Downtown Lisbon offers old world charm that’s best absorbed by walking its streets
The capital city of Lisbon evokes a sense of history and old school charm that’s quite unlike most European cities. The hilly coastal city is renowned for its historical architecture, cobblestone pathways and alleys, café culture and Fado music, which is why it’s perfect for exploring on the heels of your own feet. So, if you ever wanted to feel the pulse of Lisbon, all you have to do to get to the heart of this city and put your best foot forward…
Stroll The Baxia District
The main downtown area of Lisbon, the Baxia district is the main shopping and business areas of the city. Also a popular tourist area, this site is connected by several stunning plazas which are lined with magnificent 18th-century architecture. The area is dotted extensively with stores and retail outlets as well as bars and restaurants, most of which are located on the main Rua Augusta Street. The walkway is also a hotspot for local buskers and street vendors, and it’s the perfect place to pick up an authentic Portuguese souvenir or two.
Marvel At The Praça do Comércio
Arguably the grandest plazas in all of Lisbon and possibly even Europe, the Praça do Comércio is the most photographed spot in the city. The impressive square, which once stood as a gateway to the city, is now a gathering place for locals and tourists, and it’s easy to see why. The Praça do Comércio is flanked by traditional painted buildings on both sides and the stunning Rua Augusta Arch in the foreground. Smack in the middle of the plaza is a magnificent statue of King José I, which serves as a reminder of the once-mighty Portuguese empire.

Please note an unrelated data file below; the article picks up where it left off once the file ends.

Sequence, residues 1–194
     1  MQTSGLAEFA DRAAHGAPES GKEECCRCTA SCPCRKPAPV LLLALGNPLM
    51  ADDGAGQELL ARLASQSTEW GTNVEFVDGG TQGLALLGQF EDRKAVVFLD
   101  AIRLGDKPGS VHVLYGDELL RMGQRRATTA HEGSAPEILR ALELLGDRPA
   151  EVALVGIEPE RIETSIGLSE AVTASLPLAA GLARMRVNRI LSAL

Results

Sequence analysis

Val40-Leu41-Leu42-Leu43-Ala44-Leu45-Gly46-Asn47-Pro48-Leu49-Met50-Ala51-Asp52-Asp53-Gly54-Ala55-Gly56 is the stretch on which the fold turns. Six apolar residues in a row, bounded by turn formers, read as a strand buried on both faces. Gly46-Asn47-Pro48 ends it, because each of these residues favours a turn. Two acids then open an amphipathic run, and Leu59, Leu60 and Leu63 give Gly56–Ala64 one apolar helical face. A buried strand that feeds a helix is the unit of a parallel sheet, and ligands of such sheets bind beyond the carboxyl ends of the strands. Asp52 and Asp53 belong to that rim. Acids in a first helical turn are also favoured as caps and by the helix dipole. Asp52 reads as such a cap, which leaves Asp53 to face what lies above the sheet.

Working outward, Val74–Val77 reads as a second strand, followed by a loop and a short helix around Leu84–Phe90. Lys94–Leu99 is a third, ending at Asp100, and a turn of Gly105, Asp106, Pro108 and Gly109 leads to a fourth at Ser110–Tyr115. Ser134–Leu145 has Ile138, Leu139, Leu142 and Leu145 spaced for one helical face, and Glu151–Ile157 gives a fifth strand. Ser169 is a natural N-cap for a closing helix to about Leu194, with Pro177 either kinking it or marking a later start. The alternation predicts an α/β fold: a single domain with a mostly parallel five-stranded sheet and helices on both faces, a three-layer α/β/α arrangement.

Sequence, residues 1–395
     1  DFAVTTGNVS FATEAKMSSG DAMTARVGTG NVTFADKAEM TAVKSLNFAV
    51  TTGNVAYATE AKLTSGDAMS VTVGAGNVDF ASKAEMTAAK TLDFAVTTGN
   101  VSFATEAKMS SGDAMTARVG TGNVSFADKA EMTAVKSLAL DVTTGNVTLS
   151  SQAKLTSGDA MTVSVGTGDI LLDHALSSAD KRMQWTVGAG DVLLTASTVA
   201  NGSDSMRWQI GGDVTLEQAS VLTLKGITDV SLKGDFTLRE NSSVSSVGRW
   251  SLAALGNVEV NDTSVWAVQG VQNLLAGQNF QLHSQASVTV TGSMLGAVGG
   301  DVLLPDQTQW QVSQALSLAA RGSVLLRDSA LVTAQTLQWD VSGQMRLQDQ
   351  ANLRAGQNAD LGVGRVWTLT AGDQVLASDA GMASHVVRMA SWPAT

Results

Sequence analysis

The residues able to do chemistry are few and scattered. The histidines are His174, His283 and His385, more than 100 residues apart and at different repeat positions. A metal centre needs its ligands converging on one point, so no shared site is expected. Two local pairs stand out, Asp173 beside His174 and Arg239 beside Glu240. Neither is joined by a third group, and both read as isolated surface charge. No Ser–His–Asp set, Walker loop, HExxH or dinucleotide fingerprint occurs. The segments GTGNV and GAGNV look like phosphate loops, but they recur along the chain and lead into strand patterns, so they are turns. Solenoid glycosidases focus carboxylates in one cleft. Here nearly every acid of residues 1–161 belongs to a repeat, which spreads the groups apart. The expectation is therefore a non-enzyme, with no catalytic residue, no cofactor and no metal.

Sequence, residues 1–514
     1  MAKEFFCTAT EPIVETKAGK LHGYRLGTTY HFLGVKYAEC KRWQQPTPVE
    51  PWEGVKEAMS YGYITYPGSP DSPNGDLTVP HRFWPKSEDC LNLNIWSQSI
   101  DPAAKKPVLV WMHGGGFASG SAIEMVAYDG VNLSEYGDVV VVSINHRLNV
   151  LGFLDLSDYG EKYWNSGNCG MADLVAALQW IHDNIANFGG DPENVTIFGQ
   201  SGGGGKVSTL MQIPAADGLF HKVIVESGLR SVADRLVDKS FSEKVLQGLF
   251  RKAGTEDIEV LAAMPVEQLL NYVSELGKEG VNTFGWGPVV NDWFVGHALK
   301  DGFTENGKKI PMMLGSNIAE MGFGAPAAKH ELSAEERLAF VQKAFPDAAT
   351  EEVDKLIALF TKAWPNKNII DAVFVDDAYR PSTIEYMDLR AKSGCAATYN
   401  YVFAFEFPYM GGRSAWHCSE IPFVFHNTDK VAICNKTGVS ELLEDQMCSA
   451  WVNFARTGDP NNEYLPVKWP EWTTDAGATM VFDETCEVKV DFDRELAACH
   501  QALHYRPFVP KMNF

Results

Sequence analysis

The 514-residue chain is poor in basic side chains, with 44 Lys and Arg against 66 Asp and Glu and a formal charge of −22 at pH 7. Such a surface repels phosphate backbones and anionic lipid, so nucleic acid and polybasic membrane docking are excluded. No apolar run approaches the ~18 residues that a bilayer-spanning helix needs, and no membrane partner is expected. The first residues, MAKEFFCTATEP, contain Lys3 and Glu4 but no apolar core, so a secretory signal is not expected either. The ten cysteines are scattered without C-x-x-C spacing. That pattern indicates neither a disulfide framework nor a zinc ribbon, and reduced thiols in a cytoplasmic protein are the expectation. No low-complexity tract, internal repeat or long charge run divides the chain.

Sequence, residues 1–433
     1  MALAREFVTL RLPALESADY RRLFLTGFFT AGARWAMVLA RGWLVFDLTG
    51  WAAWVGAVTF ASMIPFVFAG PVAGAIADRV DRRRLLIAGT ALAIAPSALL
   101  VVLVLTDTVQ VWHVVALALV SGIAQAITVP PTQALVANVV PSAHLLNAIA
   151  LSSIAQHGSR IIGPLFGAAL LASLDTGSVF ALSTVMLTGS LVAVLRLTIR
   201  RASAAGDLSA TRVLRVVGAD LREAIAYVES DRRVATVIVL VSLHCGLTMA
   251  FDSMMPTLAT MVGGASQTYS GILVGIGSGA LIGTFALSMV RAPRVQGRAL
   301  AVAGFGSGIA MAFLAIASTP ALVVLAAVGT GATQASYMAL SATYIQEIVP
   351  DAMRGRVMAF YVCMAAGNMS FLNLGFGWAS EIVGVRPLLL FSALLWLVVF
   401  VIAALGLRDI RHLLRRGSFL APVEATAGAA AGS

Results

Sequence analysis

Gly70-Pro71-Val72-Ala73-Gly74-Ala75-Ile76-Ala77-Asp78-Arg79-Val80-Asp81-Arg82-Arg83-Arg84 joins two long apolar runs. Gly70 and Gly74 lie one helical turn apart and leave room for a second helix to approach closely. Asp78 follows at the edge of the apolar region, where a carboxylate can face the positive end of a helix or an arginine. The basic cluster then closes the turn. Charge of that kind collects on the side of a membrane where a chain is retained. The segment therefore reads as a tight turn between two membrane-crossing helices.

Hop Aboard A Tram
The city’s vintage tram network is a key facet of Lisbon and it’s much a key transportation service as well as a historical attraction. Lisbon’s tram service has been in operation since 1873 and it services a large part of the city, especially the downtown area of Lisbon. The hop-on, hop-off service plies the city’s main districts and tickets are available from various kiosks throughout the city as well as metro stations as well.
Ride The Elevador de Santa Justa
The highly ornate, neo-classical Elevador Santa Justa is not only stunning to look at but also represents one of the advancements of Europe’s industrial age. Despite its stunning design, the elevator is still highly-functional as it’s used to transport visitors up one of the city’s steepest hills, which leads to the ruins of the Carmo Church. The lift also leads to a viewing platform which provides a bird’s eye view of the city. A ticket to ride the Elevador de Santa Justa costs €2.80.
Kick Back At Rossio Square
Also known as the Praca Dom Pedro IV, the plaza is a popular gathering spot for both locals and visitors. The impressive square is lined with stone paving, elaborate fountains and a grand statue of Dom Pedro IV. Cafés and coffee shops dot the area where many visitors stop by to recharge with a refreshment or beverage. Also located a stone's throw away from Rossio Square is the National Theatre and the Igreja de Sao Domingo, an old church that still stands tall despite being partially destroyed by fires and earthquakes.
Photo credits: 123rf